Workers at a construction site engage in a series of pranks and horseplay, mimicking behaviour witnessed on the TV show “Jackass.” The latest prank involves daring a worker to staple his scrotum to a wood plank. The stapling occurs during break time in the company’s lunchroom, which is open to construction-related personnel on the worksite, and is videotaped. No one present at the stapling indicates an unwillingness to participate or that they’re offended by the conduct. In fact, the room cheers on the activity and several individuals pay the worker to encourage him to participate. The video is posted on the Internet and becomes a topic of conversation within the industry and at an industry conference. The company fires the stapled worker, citing its harassment policy and claiming the conduct risked the company’s reputation and violates the OHS law’s ban on horseplay. The worker claims he didn’t know company policy barred this conduct and argues that the series of pranks and presence of pornographic material at work and pin-up calendars of women on the lunchroom walls created a culture in the workplace condoning such behaviour. The company says it wasn’t aware of such pranks or material at its worksite until the video of this incident came to its attention. The worker files a grievance.
Was firing the worker proper?
A. Yes, because the conduct risked the company’s reputation and impacted workplace safety.
B. Yes, because the worker committed the acts in the workplace and on company time.
C. No, because no one was offended or harmed by the conduct.
D. No, because the workplace culture condoned the behaviour.
A. Because the worker’s conduct risked the company’s reputation in the safety-sensitive construction industry, his firing was appropriate.
This hypothetical is based on an Ontario Labour Relations Board decision, which ruled a worker’s termination for stapling his genitals to a board was grounds for termination. The board said the worker knew the incident was being videotaped and so would likely be made public, especially given that the workers were mimicking the TV show “Jackass.” The board rejected the argument that the worker claimed he’d never seen the company’s harassment policy. “[A]ny reasonable employee would recognize that exposing one’s genitals and having one’s scrotum stapled to a 4×4 wooden board on the employer’s premises and permitting that conduct to be recorded on a video is patently unacceptable in almost any workplace … and an employer needn’t establish and promulgate a policy prohibiting that kind of behaviour,” explained the board. It added that the company had “a significant interest … if not an obligation” under OHS law to prevent workers from engaging in such stunts or horseplay in the workplace. Finally, the board said the activity prejudiced the company’s reputation “as a safety conscious elevator contractor with a highly skilled and competent workforce.” Noting the pattern of escalating pranks in the workplace, the board concluded dismissal was justified.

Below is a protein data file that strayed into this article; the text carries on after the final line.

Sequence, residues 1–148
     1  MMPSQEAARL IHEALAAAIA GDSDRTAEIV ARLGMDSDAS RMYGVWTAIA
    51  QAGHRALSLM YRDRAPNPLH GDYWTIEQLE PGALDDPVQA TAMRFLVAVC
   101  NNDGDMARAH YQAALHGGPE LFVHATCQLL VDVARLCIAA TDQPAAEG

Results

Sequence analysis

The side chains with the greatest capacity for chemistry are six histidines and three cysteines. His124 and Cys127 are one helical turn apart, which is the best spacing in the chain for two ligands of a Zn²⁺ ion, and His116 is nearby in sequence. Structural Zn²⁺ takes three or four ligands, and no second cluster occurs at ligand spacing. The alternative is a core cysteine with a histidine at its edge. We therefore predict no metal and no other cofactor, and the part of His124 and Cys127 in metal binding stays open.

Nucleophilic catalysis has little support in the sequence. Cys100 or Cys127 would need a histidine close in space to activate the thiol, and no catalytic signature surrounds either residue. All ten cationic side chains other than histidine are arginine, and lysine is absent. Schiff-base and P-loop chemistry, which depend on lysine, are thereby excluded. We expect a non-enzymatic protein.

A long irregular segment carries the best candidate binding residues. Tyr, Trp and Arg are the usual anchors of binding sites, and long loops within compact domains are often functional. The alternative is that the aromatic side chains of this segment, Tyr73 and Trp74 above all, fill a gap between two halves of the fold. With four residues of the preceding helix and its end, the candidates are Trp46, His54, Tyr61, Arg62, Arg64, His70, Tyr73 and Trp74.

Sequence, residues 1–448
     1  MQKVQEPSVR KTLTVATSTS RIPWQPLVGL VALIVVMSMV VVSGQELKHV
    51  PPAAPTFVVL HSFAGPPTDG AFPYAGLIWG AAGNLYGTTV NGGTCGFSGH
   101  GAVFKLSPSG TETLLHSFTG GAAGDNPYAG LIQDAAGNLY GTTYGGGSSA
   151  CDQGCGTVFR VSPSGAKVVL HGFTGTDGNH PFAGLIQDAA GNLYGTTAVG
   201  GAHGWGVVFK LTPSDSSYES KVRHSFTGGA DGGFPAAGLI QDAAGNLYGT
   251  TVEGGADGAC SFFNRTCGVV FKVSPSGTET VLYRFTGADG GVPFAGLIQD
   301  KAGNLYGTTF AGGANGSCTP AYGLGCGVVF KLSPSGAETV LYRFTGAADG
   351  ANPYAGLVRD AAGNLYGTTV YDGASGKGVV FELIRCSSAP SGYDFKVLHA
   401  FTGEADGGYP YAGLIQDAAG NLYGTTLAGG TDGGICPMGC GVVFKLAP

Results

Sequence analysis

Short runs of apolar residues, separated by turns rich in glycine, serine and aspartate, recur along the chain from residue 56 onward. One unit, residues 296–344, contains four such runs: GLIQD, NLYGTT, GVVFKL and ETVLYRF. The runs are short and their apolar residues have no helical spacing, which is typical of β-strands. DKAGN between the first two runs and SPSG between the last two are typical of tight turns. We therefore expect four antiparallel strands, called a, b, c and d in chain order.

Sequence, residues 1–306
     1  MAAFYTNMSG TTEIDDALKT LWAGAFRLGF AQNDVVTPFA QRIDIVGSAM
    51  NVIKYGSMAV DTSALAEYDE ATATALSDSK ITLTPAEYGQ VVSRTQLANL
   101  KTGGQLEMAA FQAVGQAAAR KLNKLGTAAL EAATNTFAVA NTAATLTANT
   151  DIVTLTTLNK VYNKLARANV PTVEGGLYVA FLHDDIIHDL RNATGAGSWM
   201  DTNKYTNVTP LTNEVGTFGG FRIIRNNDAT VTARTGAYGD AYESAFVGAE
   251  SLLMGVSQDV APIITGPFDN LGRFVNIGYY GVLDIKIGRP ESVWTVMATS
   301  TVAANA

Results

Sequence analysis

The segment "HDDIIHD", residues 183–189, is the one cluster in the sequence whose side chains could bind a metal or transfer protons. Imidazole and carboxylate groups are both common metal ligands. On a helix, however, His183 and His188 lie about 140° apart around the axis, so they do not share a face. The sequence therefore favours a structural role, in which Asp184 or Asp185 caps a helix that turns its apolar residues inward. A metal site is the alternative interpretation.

Insider Says: The Ontario OHS law relevant in this case bars horseplay in the workplace as do the OHS laws in other jurisdictions. (See, Spot the Safety Violation: It’s all Fun and Games Until Someone Gets Hurt.)
WHY THE WRONG ANSWERS ARE WRONG
B is wrong because the prank wasn’t conducted on company time but during a break. In additional, not every act of misconduct committed in the company’s workplace is grounds for termination. For example, more benign horseplay that doesn’t lead to harm, such as spraying a co-worker with a water pistol, may not warrant termination. In this case, the worker’s conduct was so flagrant and extreme, and prejudiced the company’s reputation that his firing was warranted.
C is wrong because regardless of whether anyone present during the stapling was actually offended, the conduct was so inappropriate that any worker should reasonably have known that it would be unacceptable in any workplace. Additionally, the worker knew the activity was videotaped and would likely become public, thus potentially offending viewers of the video. And the incident did cause harm—it hurt the company’s reputation within the industry.
D is wrong because the company wasn’t aware of and didn’t condone the series of pranks that occurred prior to this incident. Therefore, it didn’t allow the creation of a culture in the workplace that would indicate such activity was acceptable. The seriousness of this conduct warranted a significant disciplinary action to discourage similar conduct in the future and the company took such action when it became aware of the latest prank. The fact that prior incidents occurred without the company’s knowledge doesn’t mean it can’t take action against known participants as soon as it becomes aware of such horseplay and inappropriate behaviour in its workplace.
SHOW YOUR LAWYER
International Union of Elevator Constructors, Local 50 v. ThyssenKrupp Elevator (Canada) Ltd.,  CanLII 46582 (ON LRB), July 28, 2011